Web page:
From data acquisitions, deformation vs. temperature and temperature vs. number of cycles curves were plotted, and shape memory effect thermoelastic properties were determined. Figure 1 shows a typical curve and the procedure to determine critical transformation temperatures under stress (AS, AF, MS and MF) using the tangent method, thermoelastic strain (εt = difference between the strain at low and high temperatures), thermal hysteresis (Ht), and vertical displacement of hysteresis loops (X)6.



3. Results

3.1. Study calorimetrical of heat treatments influences in phase transformations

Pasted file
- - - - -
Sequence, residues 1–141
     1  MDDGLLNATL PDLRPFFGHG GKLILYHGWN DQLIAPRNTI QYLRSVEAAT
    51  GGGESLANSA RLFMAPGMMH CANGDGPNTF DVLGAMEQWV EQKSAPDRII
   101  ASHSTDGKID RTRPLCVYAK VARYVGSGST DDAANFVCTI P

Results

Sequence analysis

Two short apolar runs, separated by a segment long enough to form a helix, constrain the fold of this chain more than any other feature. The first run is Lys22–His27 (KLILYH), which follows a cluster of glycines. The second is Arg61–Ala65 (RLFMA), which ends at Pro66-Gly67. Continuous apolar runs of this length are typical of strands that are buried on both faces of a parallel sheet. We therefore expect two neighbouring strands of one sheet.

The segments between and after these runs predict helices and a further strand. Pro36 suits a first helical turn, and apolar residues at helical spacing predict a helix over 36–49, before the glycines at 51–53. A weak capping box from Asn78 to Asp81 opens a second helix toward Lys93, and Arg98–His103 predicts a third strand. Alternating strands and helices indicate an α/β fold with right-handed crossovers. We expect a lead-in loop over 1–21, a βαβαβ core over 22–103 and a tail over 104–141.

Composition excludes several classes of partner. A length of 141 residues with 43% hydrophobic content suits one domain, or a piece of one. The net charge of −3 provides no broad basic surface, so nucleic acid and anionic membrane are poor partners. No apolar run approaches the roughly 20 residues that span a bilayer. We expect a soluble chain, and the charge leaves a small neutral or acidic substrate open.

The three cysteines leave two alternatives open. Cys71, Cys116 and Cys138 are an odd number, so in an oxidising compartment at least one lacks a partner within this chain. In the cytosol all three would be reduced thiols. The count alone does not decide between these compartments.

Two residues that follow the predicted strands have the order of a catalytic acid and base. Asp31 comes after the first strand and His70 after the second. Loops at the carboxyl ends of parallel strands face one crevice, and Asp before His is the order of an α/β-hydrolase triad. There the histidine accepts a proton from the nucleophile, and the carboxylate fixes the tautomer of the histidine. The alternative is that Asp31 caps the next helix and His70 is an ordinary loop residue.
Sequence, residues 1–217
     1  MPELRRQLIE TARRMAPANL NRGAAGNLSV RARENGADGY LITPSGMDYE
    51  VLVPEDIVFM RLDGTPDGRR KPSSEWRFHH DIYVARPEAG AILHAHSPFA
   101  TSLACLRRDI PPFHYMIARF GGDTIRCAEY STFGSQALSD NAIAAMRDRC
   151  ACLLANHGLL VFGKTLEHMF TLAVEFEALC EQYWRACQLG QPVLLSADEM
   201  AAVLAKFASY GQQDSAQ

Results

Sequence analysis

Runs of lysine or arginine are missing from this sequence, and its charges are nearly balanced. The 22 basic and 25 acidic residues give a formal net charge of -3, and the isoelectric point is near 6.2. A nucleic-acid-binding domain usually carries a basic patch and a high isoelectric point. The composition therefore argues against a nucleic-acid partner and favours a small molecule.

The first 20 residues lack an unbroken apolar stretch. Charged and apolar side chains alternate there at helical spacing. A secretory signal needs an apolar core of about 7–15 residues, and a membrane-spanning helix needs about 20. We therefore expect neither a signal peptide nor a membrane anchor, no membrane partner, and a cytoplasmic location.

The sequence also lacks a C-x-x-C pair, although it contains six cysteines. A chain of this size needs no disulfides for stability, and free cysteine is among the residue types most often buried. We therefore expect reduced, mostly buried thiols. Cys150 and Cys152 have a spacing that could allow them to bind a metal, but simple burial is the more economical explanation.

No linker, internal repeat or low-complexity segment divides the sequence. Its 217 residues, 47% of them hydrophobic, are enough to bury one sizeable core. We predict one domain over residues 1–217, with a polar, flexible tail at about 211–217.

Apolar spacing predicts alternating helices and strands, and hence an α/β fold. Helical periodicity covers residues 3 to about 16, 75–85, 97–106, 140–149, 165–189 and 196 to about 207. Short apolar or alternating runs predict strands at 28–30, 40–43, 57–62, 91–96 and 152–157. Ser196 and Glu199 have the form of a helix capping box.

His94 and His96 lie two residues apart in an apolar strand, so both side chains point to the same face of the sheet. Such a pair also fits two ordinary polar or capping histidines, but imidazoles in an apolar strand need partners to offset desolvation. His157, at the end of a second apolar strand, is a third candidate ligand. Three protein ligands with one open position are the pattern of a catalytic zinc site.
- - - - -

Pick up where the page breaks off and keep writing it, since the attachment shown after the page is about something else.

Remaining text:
The objective of this investigation is to observe the changes in transformation temperatures and enthalpies obtained from heat treatments procedures. Samples were heat treated at 400, 500 and 600 °C with homogenization times of 1, 2, 4, 8, 12 and 24 hours and followed by quench in water at 25 °C. For all samples heat treatment at 400 °C has showed the normal sequence of phase transformation in the near-equiatomic Ti-Ni wire: B2RB19'. This result is presented in Figure 2a. During heating, the inverse transformation to occurs in an alone step (B19B2). The sum of enthalpies of exothermic heat flow peaks (R and martensitic phases, "HC = 19.25 J.g-1) is very closed for enthalpy of endothermic heat flow peak (austenitic phase, "HH = 21.03 J.g-1). In the samples heat treated at 600 °C haven't showed R-phase, transformation's enthalpies are of about 20.64 J.g-1, as shown in Figure 2b. Other observation for this treatment is stabilization of critical transformation temperatures and enthalpies values independently of ageing time.